I Signed a Confidentiality Agreement—Can I Still Be a Whistleblower?
Confidentiality agreements are growing more common in the workplace these days and are no longer limited to managers or to those who might handle secret information. You might have signed one without even realizing that you did.
It’s common to be given a lot of documents to sign when you are hired or on your first day of work. That’s when it’s likely you’ll receive a confidentiality agreement to sign. You might also be asked to sign one if policies change at your work and you receive a new employee handbook, if you are promoted, or when you leave a company.
What is a Confidentiality Agreement?
A confidentiality agreement, also known as a non-disclosure agreement (NDA) is a contract that legally binds you to treat specific information at the place where you work as proprietary (belonging to the company) and therefore not disclosable to others. Such information can include trade secrets and other sensitive information specific to the operation of the company.
Often you will need written authorization to break such an agreement.
However, when you decide to become a whistleblower, some information that would ordinarily be covered by an NDA might need to be revealed. In the past, companies have tried to shut down whistleblowing actions by invoking the confidentiality agreement that the whistleblower signed.
Indeed, when a qui tam False Claims Act (FCA) suit becomes unsealed, companies can find out the relator’s identity, creating problems for them if they signed a confidentiality agreement or NDA.
What Happens Next?
Generally, if the case is brought under the False Claims Act (FCA), the Department of Justice (DOJ) is reluctant to enforce agreements because the public good involved in reporting fraud and false claims takes precedence. The DOJ does not want to have a “chilling” effect on whistleblowers. However, in some cases, too much information that did not directly relate to false claims was taken from companies. Documents that are taken and revealed need to be “reasonably necessary” to bringing a qui tam whistleblower suit. This restriction on documents also applies to pursuing a retaliation complaint.
Two recent cases illustrate what can happen with confidentiality agreements. The dates indicate the final court action:
- February, 2017: An internal auditor employee-turned-whistleblower sued BofI Federal bank under Sarbanes-Oxley and other whistleblower statutes. The worker claimed that his employment was terminated in retaliation. The bank counterclaimed that the worker had breached his contract as well as committed several other offenses. The court dismissed the counterclaims because the whistleblowing actions were protected. Therefore, the retaliatory actions should not have occurred.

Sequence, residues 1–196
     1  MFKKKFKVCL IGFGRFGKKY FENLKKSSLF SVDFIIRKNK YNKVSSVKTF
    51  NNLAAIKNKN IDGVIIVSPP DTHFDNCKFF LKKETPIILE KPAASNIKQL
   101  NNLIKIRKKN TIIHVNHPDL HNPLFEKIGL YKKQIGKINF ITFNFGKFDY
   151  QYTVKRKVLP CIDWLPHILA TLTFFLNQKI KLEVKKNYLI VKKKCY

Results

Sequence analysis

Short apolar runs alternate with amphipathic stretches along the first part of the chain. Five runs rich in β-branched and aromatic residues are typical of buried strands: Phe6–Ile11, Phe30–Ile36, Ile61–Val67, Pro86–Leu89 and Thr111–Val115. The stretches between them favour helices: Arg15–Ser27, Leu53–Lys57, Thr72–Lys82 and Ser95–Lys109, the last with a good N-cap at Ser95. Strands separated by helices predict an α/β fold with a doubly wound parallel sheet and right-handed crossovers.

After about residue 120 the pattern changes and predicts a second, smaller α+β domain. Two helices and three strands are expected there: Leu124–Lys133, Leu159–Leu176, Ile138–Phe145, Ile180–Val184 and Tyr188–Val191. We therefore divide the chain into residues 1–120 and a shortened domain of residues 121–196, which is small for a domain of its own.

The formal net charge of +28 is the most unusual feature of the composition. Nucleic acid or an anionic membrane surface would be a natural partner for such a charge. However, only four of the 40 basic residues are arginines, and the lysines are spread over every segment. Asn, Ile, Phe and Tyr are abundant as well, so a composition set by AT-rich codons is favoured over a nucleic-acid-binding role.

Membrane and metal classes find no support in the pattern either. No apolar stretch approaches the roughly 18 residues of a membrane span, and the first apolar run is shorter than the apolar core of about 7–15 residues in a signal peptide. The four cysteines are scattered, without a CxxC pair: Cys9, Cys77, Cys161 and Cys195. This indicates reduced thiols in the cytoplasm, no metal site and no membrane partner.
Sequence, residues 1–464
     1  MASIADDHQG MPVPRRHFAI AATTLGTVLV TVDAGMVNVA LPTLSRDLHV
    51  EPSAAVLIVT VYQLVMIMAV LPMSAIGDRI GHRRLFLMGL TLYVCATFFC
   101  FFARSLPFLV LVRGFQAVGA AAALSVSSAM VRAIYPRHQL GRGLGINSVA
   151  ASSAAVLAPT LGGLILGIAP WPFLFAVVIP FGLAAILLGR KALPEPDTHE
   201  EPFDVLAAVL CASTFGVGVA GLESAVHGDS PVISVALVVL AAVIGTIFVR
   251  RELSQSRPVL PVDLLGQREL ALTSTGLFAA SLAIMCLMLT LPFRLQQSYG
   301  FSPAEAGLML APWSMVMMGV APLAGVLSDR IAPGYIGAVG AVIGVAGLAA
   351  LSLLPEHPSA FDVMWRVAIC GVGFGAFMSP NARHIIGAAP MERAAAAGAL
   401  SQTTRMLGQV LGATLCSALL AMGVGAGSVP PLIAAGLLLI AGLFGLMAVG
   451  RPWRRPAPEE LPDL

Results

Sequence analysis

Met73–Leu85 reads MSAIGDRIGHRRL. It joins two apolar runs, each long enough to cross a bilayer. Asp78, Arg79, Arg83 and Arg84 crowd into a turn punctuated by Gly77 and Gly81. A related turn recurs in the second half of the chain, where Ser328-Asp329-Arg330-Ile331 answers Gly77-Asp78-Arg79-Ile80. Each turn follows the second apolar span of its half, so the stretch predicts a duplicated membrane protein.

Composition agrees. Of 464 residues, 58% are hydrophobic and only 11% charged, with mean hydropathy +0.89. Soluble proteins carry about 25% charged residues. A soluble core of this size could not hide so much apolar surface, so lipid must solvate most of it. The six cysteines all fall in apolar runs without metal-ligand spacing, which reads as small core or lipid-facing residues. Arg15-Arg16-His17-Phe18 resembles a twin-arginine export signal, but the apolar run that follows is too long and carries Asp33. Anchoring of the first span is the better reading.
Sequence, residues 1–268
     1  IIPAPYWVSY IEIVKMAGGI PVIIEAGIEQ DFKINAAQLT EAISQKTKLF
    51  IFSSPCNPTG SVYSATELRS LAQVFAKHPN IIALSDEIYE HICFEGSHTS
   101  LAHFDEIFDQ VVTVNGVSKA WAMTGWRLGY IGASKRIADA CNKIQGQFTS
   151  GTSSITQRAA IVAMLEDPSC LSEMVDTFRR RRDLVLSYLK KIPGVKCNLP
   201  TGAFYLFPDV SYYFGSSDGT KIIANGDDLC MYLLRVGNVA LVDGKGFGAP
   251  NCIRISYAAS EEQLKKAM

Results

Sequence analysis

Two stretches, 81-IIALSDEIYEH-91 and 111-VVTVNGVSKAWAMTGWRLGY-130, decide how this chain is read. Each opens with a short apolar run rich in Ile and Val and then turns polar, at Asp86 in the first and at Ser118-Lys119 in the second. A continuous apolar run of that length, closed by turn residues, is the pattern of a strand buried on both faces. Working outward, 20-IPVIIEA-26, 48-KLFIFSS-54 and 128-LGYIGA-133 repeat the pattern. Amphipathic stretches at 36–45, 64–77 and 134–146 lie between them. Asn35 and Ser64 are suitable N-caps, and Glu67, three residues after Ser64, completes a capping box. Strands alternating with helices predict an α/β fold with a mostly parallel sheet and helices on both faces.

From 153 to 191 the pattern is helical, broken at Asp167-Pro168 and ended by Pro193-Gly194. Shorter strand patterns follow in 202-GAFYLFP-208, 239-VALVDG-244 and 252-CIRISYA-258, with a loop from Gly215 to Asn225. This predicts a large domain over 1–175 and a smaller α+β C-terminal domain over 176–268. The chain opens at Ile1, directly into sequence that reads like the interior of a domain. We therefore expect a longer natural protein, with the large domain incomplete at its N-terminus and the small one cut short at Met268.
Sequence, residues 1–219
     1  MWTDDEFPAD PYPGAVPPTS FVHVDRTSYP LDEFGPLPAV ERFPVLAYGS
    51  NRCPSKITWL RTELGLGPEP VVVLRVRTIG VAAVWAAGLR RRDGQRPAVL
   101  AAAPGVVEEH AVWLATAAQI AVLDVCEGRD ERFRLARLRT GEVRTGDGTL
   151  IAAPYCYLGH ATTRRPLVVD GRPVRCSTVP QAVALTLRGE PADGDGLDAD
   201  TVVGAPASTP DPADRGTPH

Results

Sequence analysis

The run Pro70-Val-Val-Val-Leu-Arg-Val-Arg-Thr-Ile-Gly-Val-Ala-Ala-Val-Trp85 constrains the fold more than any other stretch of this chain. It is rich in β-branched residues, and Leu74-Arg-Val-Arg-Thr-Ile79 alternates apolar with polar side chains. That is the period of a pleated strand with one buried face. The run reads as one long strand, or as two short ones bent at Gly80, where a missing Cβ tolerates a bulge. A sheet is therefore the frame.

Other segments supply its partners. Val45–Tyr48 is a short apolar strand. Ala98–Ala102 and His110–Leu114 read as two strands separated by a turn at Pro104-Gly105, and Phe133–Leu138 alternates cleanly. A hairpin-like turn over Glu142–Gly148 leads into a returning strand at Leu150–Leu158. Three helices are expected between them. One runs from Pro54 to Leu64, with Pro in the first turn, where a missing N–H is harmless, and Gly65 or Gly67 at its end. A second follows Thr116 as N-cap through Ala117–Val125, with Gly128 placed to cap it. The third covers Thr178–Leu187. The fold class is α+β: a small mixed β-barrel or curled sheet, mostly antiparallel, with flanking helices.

- May, 2016: A certified technician working for LifeWatch Services breached his employee and HIPAA agreements because he discovered violations of Medicare regulations. After a patient died in 2012, the technician filed under the FCA. LifeWatch Services counterclaimed that the technician had violated his agreements. The court decided that the need for confidentiality was outweighed by the need to protect a whistleblower who was reporting false claims. There had been no public disclosure and no real harm done to LifeWatch.
What Are the Three Most Important Points to Remember?
When it comes to confidentiality agreements, keep these three points in mind:
- Such agreements do not override the rights of whistleblowers.
- Taking company documents can be considered a protected whistleblower action depending on the circumstances.
- Any confidential information that is disclosed in the course of pursuing a false claims suit or retaliation complaint needs to be limited to what would be considered reasonably necessary.
A Final Point: SEC Whistleblower Cases Have Different Rules
SEC Rule 21F-17 forbids that any confidentiality agreement ban an employee from disclosing fraud to the agency. The only exception is when an agreement shields material which would be covered by the attorney-client privilege.
Working with whistleblowers tirelessly to shed light on fraudulent practices.
If you think you have the facts needed to bring a whistleblower case, the experienced whistleblower attorneys at the Louthian Law Firm can review your case and help you file the appropriate disclosure statement. Under some circumstances, the government will intervene, or join in your lawsuit.
Your chances of succeeding are greater if your whistleblower claim is substantive, clear, and to the point. Because of this, meeting with a qualified whistleblower attorney can increase your chances of winning. The Louthian Law Firm can help you form your claim so that the government will be more inclined to intervene in your case; government intervention can sometimes increase the chances of recovering reward money. Even if the government decides not to intervene, it could still be a good idea to pursue your case without government involvement. Our strong support system can assist you through every step of the process.
For a free, confidential evaluation of your case, call the Louthian Law Firm today at 1-803-454-1200 or, if you prefer, you can fill out our online contact form.